Dealing with the Sun on Australian Holidays
Internationally, Australia is synonymous with sunshine and beautiful weather and this often figures prominently in why people choose Australia as a holiday destination. The opportunity to travel and bask in the Australian sun is something that many look forward to, but it is often the case that visitors overlook just how important it is to be sun smart and take care in the sun while holidaying in Australia.
“I’m taking a Melbourne tour. Isn’t the weather mild there?”
Whether you are travelling to sunny Queensland or cooler Tasmania, it is vital to understand how to protect your skin from the sun and counteract the physical effects of sun exposure. Even if you are enjoying a Melbourne tour on an apparently cloudy day or experiencing a Great Ocean Road tour on a sunny but not-so-warm day, you may still suffer sunburn or other effects of the sun.
Particularly when you are not used to needing to take such precautions, a little bit of education can help you prepare, effectively deal with the sun and really make the most of your Australian holiday!
1: Wear protective clothing
It is important to wear clothing that covers as much of your skin as possible. When choosing garments to wear in the sun, be aware that materials that are closely woven offer higher UV protection, and the darker the colour, the more UV radiation is absorbed.
Cotton, linen and materials made from a combination of polyester and cotton represent good choices because they are cool and light in weight. When these materials are tightly woven, they offer protection of up to 95 per cent against UV radiation. Lycra is a material that keeps its sun protective value when wet.
2: Wear and re-apply SPF 30+ sunscreen
It is very important to use a sunscreen that has a sun protection factor that is as high as possible (i.e., 30+). Because no sunscreen provides absolute UV protection, it should never be relied upon as the sole form of sun protection used. Instead, it should be worn in combination with hats, protective clothing and sunglasses.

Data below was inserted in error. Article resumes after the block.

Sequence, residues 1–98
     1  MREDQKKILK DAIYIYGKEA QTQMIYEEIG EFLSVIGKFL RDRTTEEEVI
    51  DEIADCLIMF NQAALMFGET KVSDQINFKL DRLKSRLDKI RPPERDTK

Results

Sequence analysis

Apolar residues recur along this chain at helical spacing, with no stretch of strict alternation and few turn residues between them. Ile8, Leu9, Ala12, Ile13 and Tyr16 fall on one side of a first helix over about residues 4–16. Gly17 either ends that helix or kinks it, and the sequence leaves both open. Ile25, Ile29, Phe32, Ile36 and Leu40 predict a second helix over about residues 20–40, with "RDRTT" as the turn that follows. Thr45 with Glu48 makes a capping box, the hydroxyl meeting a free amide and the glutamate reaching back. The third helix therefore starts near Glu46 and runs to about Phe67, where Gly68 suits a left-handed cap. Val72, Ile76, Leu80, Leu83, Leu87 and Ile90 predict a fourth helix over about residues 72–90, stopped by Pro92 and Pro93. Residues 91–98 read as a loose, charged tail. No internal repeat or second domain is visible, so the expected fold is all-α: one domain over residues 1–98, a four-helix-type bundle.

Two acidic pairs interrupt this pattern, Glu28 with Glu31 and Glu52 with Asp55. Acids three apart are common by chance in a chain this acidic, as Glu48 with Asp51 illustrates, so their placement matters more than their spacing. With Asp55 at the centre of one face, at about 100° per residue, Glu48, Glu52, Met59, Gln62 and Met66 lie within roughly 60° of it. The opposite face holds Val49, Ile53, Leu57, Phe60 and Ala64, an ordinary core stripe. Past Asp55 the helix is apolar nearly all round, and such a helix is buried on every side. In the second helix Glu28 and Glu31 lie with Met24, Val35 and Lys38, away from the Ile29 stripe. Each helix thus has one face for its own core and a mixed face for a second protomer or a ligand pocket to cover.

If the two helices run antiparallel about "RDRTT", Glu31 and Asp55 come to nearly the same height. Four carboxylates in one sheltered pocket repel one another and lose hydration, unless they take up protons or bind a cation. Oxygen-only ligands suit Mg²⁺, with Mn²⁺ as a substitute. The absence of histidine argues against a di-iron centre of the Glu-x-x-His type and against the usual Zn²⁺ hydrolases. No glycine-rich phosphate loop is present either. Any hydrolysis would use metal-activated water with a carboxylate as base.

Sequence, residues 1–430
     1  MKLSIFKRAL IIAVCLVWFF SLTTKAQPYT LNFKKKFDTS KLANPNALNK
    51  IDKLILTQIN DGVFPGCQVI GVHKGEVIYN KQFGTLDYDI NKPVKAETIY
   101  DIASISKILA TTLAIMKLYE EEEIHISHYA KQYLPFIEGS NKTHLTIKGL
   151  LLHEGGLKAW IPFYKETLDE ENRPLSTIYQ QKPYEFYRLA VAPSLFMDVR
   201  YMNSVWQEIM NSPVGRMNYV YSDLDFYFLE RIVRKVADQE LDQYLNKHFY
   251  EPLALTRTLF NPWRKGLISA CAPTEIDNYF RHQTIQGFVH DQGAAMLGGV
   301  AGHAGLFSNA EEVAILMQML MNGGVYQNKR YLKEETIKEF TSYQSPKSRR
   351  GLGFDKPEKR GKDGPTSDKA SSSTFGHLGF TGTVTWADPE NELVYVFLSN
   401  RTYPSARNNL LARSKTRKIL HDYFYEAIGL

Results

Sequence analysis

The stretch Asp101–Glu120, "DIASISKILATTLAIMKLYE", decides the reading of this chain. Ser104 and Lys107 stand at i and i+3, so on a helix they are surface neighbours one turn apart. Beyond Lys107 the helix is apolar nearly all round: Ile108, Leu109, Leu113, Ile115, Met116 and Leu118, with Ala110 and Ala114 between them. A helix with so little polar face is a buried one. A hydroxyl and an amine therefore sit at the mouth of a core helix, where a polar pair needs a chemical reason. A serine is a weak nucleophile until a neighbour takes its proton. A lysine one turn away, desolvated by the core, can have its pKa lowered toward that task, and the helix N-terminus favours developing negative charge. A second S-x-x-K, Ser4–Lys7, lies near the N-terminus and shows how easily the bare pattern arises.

When choosing a sunscreen, look for the following:
- SPF 30+
- Broad spectrum (as this will filter UVA and UVB radiation)
- Water resistant
- Meets Australian standards
3: Wear a hat
Shade your face, head, ears, neck and eyes as completely as possible by wearing a hat. The best hats are:
- Broad brimmed hats, featuring a brim of at least 7.5 centimetres
- Bucket or ‘surfie’ style hats, with a brim of at least 6 centimetres and a deep crown
- Legionnaire hats, that effectively cover the back of the neck with a flap
Despite being fashionable, baseball caps do not generally provide great protection against the sun because they do not effectively cover the ears and the back of the neck.
4: Enjoy the shade
Remaining in shaded areas is one of the most effective ways to reduce the effects and impacts of sun exposure. However, protective clothing, hats and sunscreen should still be worn in order to avoid reflected UV radiation.
5: Wear sunglasses
Sunglasses have the potential to protect your eyes against harmful UV radiation. Sunglasses that offer the best protection will:
- Have frames that closely fit your face
- Be wrap-around in style
- Meet Australian standards
- Have an eye protection factor (EPF) of 10
If you need prescription glasses, it is well worth considering adding a layer of UV protective coating, attaching protective shades or having prescription sunglasses made up.
6: Stay hydrated
It is critically important to drink enough water when you are in the Australian sun. The body can quickly dehydrate and it is necessary to drink water often and in plentiful amounts. Particularly if you are enjoying alcohol, you need to supplement your body with water to prevent the effects of dehydration.
It is possible to enjoy your holiday by following these tips for staying safe and healthy in the Australian sun.